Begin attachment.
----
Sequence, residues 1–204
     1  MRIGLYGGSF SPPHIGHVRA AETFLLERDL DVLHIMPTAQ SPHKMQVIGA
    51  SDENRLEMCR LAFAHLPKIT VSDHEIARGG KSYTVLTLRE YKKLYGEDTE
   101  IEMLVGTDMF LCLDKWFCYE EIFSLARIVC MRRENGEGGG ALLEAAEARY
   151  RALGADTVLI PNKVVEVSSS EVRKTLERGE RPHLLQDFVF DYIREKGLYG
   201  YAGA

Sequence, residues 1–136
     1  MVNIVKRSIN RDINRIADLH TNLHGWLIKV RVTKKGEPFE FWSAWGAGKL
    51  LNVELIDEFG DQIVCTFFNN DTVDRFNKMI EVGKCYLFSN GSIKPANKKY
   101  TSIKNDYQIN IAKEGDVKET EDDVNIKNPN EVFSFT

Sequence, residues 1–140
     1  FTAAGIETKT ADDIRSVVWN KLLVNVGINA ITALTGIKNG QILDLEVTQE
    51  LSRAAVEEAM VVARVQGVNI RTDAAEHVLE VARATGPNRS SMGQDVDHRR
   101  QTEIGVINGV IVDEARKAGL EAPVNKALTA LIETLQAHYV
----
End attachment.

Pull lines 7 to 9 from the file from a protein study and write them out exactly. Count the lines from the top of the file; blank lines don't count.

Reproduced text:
Sequence, residues 1–136
     1  MVNIVKRSIN RDINRIADLH TNLHGWLIKV RVTKKGEPFE FWSAWGAGKL
    51  LNVELIDEFG DQIVCTFFNN DTVDRFNKMI EVGKCYLFSN GSIKPANKKY